4. Health Care

We all need healthcare, without exception. From the painkillers we buy from the pharmacy to the surgeries we receive at the hospital, the healthcare sector is one that all of us rely on. As such, it should come as no surprise that the size of the sector and the revenues associated with it have grown exponentially over the years, with even the most seismic of recessions doing nothing to change this. In the past decade alone, revenues from healthcare products have grown at an annualized rate of around 14%, while revenues for emerging sub-sectors such as healthcare technology have grown at a rate of more than 18% year-on-year. Few other industries could dream of such growth, let alone during a recession. This means that the healthcare professionals that keep the system running, such as doctors, GPs, nurses, pharmacists, and therapists, need never have to worry about being out of a job, even in the direst of economic situations.

5. Education Services

History has shown that nothing will curb the human appetite for learning. The demand for educational services, from teaching to e-learning software, has skyrocketed over the past two decades, with virtually uninterrupted growth seen across the sector. While one could look at ever-expanding university student numbers and high school classroom sizes as evidence of this, it is also worth noting that a significant chunk of growth in recent years has been focused on the private sector. Thanks to innovative entrepreneurs discovering new ways to learn through online courses, virtual reality classrooms, and brain training apps, the education sector has seen double-digit revenue growth. The global e-learning industry alone is now worth $165 billion, following annualized growth of around 10% for the past five years. This goes to show how far noble intentions can take a business.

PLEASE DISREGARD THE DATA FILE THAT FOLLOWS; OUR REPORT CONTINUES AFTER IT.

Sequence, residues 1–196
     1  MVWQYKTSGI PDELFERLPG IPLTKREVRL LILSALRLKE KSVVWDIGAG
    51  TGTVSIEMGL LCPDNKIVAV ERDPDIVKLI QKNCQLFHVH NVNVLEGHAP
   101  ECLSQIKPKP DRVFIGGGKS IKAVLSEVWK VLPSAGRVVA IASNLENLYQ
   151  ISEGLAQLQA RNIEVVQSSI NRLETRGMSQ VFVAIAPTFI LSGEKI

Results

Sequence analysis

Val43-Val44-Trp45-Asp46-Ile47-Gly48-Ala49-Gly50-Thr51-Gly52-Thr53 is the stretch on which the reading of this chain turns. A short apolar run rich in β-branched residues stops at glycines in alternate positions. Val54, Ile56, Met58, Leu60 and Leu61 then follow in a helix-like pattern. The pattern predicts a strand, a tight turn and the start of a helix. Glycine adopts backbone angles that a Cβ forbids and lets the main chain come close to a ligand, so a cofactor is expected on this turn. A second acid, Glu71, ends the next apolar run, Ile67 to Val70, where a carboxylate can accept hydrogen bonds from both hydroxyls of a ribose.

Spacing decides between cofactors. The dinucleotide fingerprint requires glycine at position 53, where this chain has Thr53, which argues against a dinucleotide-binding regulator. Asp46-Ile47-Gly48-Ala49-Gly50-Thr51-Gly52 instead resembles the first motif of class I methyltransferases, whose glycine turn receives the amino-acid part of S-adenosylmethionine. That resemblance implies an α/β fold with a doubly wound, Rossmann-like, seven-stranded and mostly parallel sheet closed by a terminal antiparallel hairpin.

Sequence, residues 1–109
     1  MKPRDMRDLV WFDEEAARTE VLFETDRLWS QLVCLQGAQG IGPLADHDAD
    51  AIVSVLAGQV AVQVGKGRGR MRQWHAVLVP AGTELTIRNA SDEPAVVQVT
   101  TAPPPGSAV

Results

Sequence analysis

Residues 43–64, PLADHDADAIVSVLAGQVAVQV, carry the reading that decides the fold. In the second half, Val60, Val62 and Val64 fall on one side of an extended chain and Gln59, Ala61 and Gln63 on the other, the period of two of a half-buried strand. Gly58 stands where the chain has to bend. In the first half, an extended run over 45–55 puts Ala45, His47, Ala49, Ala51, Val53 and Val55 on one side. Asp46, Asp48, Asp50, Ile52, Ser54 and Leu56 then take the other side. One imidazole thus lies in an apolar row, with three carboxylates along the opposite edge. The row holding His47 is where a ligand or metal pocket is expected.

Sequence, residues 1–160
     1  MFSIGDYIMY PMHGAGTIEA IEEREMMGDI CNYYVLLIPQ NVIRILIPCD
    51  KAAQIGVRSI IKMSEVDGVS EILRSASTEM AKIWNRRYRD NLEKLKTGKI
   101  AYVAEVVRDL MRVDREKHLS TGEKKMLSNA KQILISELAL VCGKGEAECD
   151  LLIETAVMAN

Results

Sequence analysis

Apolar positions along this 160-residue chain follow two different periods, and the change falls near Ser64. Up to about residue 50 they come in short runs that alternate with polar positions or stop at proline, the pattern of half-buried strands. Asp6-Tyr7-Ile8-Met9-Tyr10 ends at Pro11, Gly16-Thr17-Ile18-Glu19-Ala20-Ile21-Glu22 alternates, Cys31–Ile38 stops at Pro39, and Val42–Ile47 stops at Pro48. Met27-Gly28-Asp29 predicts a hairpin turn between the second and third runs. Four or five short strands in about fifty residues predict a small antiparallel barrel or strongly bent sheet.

6. Heritage Luxury Brands

This one often comes as a surprise, as people tend to think that a recession means that far fewer people will be willing to countenance dropping £100k on a watch. However, research has shown that in times of both boom and bust, respected luxury brands always fare well. Part of this is because the assets this industry is selling have a value that goes beyond status and price tags. According to the Financial Times, longstanding heritage brands often gain during a recession at the expense of less-known, newer luxury brands. During the last recession, legacy brands such as Rolex, LMVH, and Cartier actually saw sales increase compared to the pre-crash boom. A Rolex watch, a Hermes handbag, or a Dior gown is an investment. They are insurable assets that are likely to appreciate in value or at least retain a significant portion of their value. What’s more, research from Luxury Society has shown that wealthy buyers tend to become more discerning during a recession, meaning that the brands with the best reputation get all of the custom. Heritage luxury brand names are synonymous with quality, durability, and reliability, which is exactly why this industry has always thrived.

These are the industries and sectors that will likely make it through the next ten recessions unscathed. Perhaps it’s time to start dusting off that CV.